From Rapid City Journal, Aug. 6, 2020: Crews have begun installing a rock conveyor over U.S. Highway 85 in Lead, South Dakota, for the Long-Baseline Neutrino Facility. The conveyor will bring 800,000 tons of rock from the 4850 level of Sanford Underground Research Facility and deposit them into an open pit mining area that was excavated by the Homestake Gold Mine in the 1980s, making way for the international Deep Underground Neutrino Experiment, hosted by Fermilab.
From Sanford Underground Research Facility, Aug. 4, 2020: The most publicly visible milestone of the Long-Baseline Neutrino Facility’s pre-excavation work, a conveyor system, now extends over U.S. Highway 85 in Lead, South Dakota. Installation of the conveyor is one of a series of infrastructure strengthening projects undertaken to prepare the Sanford Underground Research Facility for its role as LBNF’s far site. Such projects lay the groundwork for the Deep Underground Neutrino Experiment, the most ambitious particle physics experiment on U.S. soil, hosted by Fermilab.
From Black Hills Pioneer, July 22, 2020: Since late 2019, work has been under way on the Long-Baseline Neutrino Facility conveyor system at the Sanford Underground Research Facility in South Dakota. The system will carry more than 800,000 tons of rock excavated from the site of the international, Fermilab-hosted Deep Underground Neutrino Experiment 4,850-feet below the surface. A major milestone for the project was met on July 20 as the 120-foot section of the truss, which will house the conveyor, was erected above the highway.
From CERN Courier, July 7, 2020: A new generation of accelerator and reactor experiments is opening an era of high-precision neutrino measurements to tackle questions such as leptonic CP violation, the mass hierarchy and the possibility of a fourth “sterile” neutrino. These include the international Deep Underground Neutrino Experiment, hosted by Fermilab, and Fermilab’s NOvA and Short-Baseline Neutrino programs.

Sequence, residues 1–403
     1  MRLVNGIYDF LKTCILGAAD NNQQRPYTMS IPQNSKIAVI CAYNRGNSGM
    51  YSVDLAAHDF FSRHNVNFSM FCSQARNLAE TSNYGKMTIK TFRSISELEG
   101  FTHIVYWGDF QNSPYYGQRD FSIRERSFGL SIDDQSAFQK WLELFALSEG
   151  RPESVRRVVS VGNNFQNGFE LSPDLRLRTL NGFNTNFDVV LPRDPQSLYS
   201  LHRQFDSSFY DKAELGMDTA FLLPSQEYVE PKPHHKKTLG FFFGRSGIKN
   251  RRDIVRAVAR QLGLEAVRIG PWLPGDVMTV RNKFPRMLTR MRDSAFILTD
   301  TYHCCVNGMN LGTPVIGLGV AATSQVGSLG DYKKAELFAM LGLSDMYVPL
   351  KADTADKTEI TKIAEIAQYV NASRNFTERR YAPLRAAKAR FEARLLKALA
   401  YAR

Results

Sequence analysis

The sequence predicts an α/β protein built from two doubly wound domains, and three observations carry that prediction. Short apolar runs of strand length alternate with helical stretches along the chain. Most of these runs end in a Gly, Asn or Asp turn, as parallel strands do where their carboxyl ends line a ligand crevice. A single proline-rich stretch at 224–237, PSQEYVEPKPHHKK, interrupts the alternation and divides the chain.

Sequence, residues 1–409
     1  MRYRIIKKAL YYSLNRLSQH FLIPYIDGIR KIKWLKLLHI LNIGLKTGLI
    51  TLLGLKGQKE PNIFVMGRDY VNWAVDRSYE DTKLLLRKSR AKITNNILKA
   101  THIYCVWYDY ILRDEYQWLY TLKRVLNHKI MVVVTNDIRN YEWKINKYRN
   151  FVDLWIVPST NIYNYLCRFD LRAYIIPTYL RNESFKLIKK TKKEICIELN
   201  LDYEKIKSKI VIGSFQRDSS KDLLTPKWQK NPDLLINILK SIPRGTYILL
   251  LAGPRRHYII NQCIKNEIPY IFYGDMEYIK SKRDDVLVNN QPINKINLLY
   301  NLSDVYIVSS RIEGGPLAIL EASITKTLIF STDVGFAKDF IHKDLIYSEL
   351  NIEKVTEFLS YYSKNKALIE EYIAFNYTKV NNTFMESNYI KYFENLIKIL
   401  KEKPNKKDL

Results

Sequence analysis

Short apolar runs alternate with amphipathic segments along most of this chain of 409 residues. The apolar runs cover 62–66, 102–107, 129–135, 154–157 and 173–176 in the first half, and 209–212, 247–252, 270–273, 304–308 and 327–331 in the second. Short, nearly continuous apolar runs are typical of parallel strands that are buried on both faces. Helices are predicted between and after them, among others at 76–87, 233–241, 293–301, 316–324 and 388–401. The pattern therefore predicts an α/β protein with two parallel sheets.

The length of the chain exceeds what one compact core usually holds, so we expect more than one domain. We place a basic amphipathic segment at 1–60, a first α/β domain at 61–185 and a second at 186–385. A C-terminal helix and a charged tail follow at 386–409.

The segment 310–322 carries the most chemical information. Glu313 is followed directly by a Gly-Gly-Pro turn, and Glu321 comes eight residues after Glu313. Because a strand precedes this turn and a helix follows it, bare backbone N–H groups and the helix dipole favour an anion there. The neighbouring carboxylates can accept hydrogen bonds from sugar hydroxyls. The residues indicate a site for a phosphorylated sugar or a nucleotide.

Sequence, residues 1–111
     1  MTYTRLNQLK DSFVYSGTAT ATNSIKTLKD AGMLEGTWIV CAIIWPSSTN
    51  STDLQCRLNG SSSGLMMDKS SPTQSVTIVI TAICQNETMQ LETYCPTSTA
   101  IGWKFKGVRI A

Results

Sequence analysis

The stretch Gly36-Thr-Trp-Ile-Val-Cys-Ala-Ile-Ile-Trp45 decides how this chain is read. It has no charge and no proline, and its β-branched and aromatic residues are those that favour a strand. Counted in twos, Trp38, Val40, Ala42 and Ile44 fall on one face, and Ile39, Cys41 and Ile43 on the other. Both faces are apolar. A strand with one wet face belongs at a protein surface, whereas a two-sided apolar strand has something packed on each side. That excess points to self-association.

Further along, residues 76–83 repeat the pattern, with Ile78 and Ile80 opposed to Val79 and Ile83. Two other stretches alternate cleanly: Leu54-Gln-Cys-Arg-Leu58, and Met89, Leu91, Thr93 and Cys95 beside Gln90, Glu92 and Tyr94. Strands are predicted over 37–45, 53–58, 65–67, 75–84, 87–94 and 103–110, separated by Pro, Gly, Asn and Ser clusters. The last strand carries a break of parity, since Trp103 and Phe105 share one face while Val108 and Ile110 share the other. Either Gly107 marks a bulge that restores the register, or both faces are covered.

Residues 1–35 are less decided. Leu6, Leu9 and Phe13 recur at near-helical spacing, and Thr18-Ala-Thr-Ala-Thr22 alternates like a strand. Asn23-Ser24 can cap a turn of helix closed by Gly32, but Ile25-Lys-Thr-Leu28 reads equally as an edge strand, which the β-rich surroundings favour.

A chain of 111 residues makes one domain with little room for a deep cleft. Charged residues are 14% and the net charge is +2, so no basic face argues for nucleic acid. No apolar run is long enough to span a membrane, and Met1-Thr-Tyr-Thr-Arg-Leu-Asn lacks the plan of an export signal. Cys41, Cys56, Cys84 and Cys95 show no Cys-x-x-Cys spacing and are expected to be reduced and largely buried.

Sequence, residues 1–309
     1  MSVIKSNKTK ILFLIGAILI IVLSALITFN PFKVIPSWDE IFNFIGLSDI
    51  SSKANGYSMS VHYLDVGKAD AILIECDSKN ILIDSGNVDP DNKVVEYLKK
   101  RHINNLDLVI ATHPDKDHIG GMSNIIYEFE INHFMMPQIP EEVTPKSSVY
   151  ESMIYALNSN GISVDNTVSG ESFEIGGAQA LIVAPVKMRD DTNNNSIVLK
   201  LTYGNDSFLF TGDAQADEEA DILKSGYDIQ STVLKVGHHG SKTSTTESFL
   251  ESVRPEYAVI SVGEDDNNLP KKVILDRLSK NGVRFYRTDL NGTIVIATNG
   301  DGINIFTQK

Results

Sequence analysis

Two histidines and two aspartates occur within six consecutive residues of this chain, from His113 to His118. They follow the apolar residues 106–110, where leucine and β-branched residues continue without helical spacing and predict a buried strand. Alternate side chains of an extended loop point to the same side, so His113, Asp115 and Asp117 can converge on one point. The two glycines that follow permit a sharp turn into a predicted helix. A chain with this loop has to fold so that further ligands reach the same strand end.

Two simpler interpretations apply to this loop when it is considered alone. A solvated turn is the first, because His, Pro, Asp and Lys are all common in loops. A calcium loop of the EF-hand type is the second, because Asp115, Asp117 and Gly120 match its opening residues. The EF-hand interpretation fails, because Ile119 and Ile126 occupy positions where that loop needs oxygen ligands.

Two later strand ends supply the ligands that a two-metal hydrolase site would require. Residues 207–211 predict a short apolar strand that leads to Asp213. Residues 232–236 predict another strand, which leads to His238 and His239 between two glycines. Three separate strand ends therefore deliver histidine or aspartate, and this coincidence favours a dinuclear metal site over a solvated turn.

From Physics, July 2, 2020: Fermilab scientist Marcela Carena is quoted in this overview of the European Strategy for Particle Physics Update. The update outlines a number of current and future priorities, including international neutrino experiments such as the forthcoming Deep Underground Neutrino Experiment, hosted by Fermilab, and the High-Luminosity Large Hadron Collider. It also prioritizes a 100-kilometer circular collider.
The PIP-II project at Fermilab includes the construction of a 215-meter-long particle accelerator that will accelerate particles to 84% of the speed of light. Research institutions in France, India, Italy, Poland, the UK and the United States are building major components of the new machine. The new particle accelerator will enable Fermilab to generate an unprecedented stream of neutrinos — subtle, subatomic particles that could hold the key to understanding the universe’s evolution.
Construction workers have carried out the first underground blasting for the Long-Baseline Neutrino Facility, which will provide the space, infrastructure and particle beam for the international Deep Underground Neutrino Experiment. This prep work paves the way for removing more than 800,000 tons of rock to make space for the gigantic DUNE detector a mile underground.
In this 5-minute video, Nobel laureate Carlo Rubbia explains why mysterious particles called neutrinos could be the key to understanding the nature of the universe. He talks about the search for a fourth type of neutrino and why the universe would not exist without neutrinos. He describes how scientists aim to unveil the secrets of the neutrino with the ICARUS and DUNE neutrino experiments, hosted by Fermilab. He recalls why early in his career he chose liquid argon as his material of choice to collect information about neutrino interactions with matter.